Prayer:

Gracious Lord and Heavenly Father, so many times You have said to us, “Do not fear”, and yet we do. This world is such a fear-ful place. We’re afraid of what we see, what we hear, what lies ahead, and Lord we even fear that You have it all under control… Forgive us. Give us courage, give us peace, and give us grace to be faithful to Your call.

I pray now, Lord, for each home and each family represented here tonight – that You will fill their souls with gladness and joy in this precious season – and may Your presence manifest itself in our lives throughout the year.

We lift our prayer in the wonderful name of Jesus our Lord and Savior – Amen.

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Last week I posted a devotional titled, “Why Shepherds”. In that I talked about why God sent the angel, and the announcement to the Shepherds. This week we talk about the Wisemen.

Why Wisemen?

All we know for a fact about the Wisemen, or Magi, that came to Bethlehem is found in Matthew 2. But, we do know a little about the priestly tribe of the Magi from history, and from the Old Testament. They are first mentioned in the 7th century BC as a tribe within the Median nation in eastern Mesopotamia, near Ur of the Chaldaeans. They were skilled in astrology as well as astronomy, which was the study of the stars, as well as their meanings. (Remember, God said in Genesis 1:14 that the lights in the heavens were to be for “signs and seasons and for days and years.”) Astrology and astronomy were not mutually exclusive, but mutually explanatory.

 

We find Daniel being integrated into the group of “wisemen” during the Babylonian exile. During that time they were among the highest ranking officials in Babylon and in Daniel 5:11 Daniel is made chief over them all. And I believe it was Daniel’s prophecies and writings that directed these Magi toward Bethlehemat just the right time. In fact, the expectation also arose from the dispersion of the Jews among all the nations, as they carried with them the hope and the promise of a divine Redeemer. Isaiah 9; Isaiah 11; Daniel 7.

 

Their presents, “gold, frankincense, and myrrh,” were the usual gifts of subject nations (Psalm 72:15; 1Kings10:2; 1Kings10:10; 2Chronicles 9:24)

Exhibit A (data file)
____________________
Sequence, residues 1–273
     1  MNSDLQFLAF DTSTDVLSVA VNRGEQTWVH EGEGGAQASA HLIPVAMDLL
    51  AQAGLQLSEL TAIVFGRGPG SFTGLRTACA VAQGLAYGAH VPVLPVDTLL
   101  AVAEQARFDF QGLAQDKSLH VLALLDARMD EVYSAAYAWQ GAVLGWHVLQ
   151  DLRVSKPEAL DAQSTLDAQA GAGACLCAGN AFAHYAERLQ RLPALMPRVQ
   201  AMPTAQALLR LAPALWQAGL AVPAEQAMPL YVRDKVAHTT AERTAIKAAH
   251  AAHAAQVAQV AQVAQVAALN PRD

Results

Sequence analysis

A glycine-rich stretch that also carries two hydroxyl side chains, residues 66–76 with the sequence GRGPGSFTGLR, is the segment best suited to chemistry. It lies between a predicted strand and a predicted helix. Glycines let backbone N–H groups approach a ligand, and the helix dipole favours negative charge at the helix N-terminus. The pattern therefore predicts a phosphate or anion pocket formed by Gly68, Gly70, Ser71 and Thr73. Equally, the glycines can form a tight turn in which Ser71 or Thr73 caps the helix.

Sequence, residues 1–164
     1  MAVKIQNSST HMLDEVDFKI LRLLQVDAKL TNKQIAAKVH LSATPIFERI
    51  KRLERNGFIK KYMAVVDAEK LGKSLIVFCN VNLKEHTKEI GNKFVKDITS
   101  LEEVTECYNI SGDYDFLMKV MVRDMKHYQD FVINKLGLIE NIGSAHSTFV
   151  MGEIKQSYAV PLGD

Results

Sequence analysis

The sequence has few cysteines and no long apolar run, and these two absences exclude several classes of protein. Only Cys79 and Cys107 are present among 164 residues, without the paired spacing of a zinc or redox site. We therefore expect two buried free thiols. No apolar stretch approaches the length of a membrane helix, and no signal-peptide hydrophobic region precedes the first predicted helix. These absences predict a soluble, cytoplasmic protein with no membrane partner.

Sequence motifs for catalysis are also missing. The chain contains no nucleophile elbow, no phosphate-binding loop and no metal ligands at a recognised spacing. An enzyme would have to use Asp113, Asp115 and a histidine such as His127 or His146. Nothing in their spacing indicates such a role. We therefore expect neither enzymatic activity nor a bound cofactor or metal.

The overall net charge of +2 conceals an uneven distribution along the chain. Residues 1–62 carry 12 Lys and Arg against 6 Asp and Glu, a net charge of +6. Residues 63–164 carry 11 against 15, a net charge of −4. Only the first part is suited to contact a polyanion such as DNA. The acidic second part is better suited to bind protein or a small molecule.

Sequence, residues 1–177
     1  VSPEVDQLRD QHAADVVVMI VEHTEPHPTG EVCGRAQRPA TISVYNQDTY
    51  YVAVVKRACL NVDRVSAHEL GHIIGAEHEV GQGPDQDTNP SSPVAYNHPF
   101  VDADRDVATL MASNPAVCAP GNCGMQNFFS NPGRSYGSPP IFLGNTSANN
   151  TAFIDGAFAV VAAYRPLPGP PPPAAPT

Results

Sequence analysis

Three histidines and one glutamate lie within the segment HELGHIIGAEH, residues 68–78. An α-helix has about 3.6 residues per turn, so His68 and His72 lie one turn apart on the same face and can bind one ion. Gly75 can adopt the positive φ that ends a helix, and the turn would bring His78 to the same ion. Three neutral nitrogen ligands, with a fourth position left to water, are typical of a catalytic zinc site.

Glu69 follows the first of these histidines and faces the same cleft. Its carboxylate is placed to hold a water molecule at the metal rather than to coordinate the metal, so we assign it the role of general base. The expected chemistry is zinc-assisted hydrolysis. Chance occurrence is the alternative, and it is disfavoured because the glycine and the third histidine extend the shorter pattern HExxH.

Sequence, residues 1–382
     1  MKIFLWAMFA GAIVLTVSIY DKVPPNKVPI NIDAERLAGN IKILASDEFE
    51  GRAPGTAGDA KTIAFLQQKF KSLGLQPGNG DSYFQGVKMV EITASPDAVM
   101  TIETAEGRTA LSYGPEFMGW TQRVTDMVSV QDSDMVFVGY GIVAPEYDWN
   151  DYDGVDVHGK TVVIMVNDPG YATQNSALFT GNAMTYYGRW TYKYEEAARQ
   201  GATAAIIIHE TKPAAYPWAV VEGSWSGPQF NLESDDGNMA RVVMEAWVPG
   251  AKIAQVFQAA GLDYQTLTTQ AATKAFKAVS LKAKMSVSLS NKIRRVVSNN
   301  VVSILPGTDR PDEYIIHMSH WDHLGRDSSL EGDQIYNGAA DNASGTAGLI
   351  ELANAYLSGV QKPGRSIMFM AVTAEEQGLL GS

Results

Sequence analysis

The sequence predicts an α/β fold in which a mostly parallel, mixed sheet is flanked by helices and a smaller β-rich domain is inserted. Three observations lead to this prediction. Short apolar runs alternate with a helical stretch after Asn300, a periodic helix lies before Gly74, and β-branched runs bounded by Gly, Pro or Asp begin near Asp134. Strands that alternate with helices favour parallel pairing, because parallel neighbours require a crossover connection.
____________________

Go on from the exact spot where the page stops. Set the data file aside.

Q     Why do you think God directed the Wisemen to seek the Christ child?

 

Q     Which is more important to the story, Shepherds or Wisemen? Why?

 

 

Q     Now, think about this – Did God speak to or lead the Shepherds and Wisemen in the same way?

 

 

Q     What does that tell us about the way God calls people today?

 

A very good example of God’s different calling comes in Acts 10 in the event with a Roman centurion named Cornelius, and the Apostle Peter.

 

Cornelius was a Gentile and a “God-fearer”, which meant that he believed in the One True God of the Jews, but he was not a proselyte – had not totally accepted the Jewish religion. His background was that he was a Roman soldier, he’d come up through the ranks, was very dependable and brave, and living in Caesarea with his family; and like the Roman Centurion in Matthew 8, he was used to giving and taking orders. So, that’s how God approached him, God sent an angel who gave Cornelius, basically, a command. “Dispatch some men to Joppa, and send for Peter.” And what did Cornelius do? He obeyed, immediately.

 

Peter, on the other hand, was approached differently. God didn’t just command Peter to go to Caesarea, because likely his response would have been, “why?” Or worse, “What? Me go to the Roman capital in this district? No way!” No, Peter was Jewish and Jewish people are storytellers. Remember the parables that Jesus taught? Or remember how the prophet Nathan, rather than directly approach King David with his sin, instead told him a story of a man and his little ewe lamb? The Jewish people are “visual” people, so God gave Peter an illustration.

 

What this tells us is that God draws each of us differently. We each have different backgrounds and different roots. There is only one way to God the Father, and that is through Jesus, but the story of the Wisemen and Shepherds tells us that there are many paths to Jesus. And the exciting thing is, the Holy Spirit does the preparing and the calling and the directing.

 

 

Q     How do you think God directs you?

For an in-dpth study on the Magi and Matthew 2, listen to this audio commentary I did for a Women’s Bible study group that I teach. http://Listen to The Gospel of Matthew Chapter 2  https://soundcloud.com/user-429419020/the-gospel-of-matthew-chapter-2

 

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Did you ever wonder why God sent the angel to the shepherds? The following is an excerpt from a Sunday School lesson I’m teaching this week.

Why Shepherds?